... The most common data source of teachers' practices in real classroom settings is observation [20]. To foster the reliability and validity of the observation, researchers and observers use rubrics to record the different aspects of teaching. ...
... A common practice in recording students' perceptions is to administer questionnaires specifically developed for this purpose. Although the student questionnaire on teacher practices seems to be overlooked by researchers and policymakers [20], over the last two decades, there has been a growing interest in their development and use, mainly for data collection on teachers' performance in order to evaluate the results of their PCK development programs (e.g., [17,20,[26][27][28]). These researchers provide strong evidence on the validity and the reliability of students' perceptions of their teachers' practices. ...
... A common practice in recording students' perceptions is to administer questionnaires specifically developed for this purpose. Although the student questionnaire on teacher practices seems to be overlooked by researchers and policymakers [20], over the last two decades, there has been a growing interest in their development and use, mainly for data collection on teachers' performance in order to evaluate the results of their PCK development programs (e.g., [17,20,[26][27][28]). These researchers provide strong evidence on the validity and the reliability of students' perceptions of their teachers' practices. ...
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Teachers’ knowledge rooted in classroom practices guides their actions when dealing with a specific subject matter. To assess the quality of these practices, a close examination of the “classroom reality” is needed. The present study, which was carried out in Greece, investigates secondary science teachers’ practices. To record these practices, we used special classroom observation tools as well as questionnaires to record students’ views of their teachers’ practices. The observation tools and the student questionnaire focus on specifically formed criteria deriving from aspects of Pedagogical Content Knowledge (PCK). In total, 32 secondary science teachers and 1154 students participated in our study. The results indicated that the strong points of teachers’ teaching practices concern their subject matter knowledge, the use of representations, their questioning, their communication of the instructional objectives to the students, and knowledge of students’ difficulties. The weak points are related to the use of a variety of teaching approaches, the investigation of the students’ alternative conceptions, the experimental and ICT-based teaching, and the implementation of inquiry-based activities. The methodology employed in our study was fruitful in providing a holistic view of science teachers’ practices and can be used for investigating classroom practices of teachers of other subjects as well.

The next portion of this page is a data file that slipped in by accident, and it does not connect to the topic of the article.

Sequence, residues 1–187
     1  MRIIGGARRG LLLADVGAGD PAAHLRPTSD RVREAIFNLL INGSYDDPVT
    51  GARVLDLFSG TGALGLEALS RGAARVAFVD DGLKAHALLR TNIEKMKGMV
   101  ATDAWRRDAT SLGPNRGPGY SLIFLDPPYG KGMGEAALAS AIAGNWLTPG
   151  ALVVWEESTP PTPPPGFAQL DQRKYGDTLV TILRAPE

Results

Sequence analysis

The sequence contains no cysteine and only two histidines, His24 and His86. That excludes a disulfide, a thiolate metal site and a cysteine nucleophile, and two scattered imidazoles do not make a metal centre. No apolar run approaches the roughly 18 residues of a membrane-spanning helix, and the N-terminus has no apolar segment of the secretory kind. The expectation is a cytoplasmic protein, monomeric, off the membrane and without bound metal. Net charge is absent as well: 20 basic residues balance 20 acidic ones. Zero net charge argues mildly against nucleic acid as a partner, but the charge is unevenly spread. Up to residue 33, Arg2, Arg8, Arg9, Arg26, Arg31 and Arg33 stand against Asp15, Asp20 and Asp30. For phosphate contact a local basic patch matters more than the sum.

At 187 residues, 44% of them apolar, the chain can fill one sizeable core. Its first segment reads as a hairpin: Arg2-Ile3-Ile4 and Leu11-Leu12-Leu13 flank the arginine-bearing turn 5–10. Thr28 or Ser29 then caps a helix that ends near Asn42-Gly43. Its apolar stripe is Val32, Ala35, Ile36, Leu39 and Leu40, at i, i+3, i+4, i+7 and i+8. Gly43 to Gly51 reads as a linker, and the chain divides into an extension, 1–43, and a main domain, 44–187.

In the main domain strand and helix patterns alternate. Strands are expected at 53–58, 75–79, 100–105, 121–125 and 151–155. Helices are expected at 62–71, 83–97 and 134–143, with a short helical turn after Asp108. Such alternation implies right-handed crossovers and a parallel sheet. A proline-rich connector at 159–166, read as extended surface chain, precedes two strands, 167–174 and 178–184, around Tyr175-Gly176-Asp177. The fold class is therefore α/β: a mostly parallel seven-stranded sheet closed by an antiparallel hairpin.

... This tension in the narratives provides evidence of the difficulties faced when trying to enact a process that is both about professional learning and career management. Separating the formative from the summative aspects of Performance and Development processes might be fruitful (Clinton et al., 2016, Isoré, 2009. Later in the narrative, Sue and Mark position the APST as a fluid trajectory, as "progression points", useful as a guide for "moving them along" in a generative, school-collegiate focused way (Mockler, 2015). ...
Article
This article details a conceptual framework for practical global citizenship education (GCE). Drawing from recent constructivist grounded theory research into GCE development in an International Baccalaureate (IB) international school, the framework includes the following categories: co-creation, overcoming individualism, mapping interconnectivity, planetary issues, allosyncracy, scalability and substantiating (COMPASS). The COMPASS framework responds to the practical problematisation of GCE by prioritising communication and mutual understanding, a contextualisation of hegemonic influence and a recognition of the individual/collective tension informing global action.